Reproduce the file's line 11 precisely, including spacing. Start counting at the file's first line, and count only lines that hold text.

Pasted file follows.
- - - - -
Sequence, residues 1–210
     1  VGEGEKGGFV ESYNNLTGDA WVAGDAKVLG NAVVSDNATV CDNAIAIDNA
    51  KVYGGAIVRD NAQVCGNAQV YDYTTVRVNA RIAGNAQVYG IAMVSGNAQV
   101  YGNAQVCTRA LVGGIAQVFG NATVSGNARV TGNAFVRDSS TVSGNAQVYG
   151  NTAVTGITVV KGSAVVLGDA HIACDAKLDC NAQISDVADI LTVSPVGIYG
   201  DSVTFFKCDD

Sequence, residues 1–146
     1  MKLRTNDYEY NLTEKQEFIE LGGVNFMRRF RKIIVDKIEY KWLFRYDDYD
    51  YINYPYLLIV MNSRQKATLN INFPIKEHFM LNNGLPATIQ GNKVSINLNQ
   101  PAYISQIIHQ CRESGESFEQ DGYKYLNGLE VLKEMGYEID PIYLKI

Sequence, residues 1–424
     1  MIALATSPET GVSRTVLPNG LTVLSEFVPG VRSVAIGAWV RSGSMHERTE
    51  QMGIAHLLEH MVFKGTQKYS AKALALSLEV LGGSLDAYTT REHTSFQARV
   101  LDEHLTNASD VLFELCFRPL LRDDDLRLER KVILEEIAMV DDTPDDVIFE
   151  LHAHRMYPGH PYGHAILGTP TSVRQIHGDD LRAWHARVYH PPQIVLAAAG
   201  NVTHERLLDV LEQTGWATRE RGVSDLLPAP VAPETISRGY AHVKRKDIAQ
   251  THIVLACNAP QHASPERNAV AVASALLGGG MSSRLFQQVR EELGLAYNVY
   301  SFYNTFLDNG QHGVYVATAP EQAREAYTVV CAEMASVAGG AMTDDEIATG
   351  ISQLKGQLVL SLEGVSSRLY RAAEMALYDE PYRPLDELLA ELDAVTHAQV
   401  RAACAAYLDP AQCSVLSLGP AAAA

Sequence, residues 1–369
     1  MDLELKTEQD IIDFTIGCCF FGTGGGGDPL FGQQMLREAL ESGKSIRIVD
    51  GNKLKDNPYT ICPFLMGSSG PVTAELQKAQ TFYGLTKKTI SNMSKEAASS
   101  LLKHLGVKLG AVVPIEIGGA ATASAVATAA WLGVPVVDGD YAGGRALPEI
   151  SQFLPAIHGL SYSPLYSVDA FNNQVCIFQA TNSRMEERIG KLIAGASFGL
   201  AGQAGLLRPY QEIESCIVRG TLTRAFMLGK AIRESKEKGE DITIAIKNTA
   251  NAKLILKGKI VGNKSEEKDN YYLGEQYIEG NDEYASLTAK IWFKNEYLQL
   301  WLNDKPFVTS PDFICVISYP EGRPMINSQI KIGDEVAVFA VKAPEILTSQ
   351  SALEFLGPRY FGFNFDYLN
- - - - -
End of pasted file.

Sequence, residues 1–424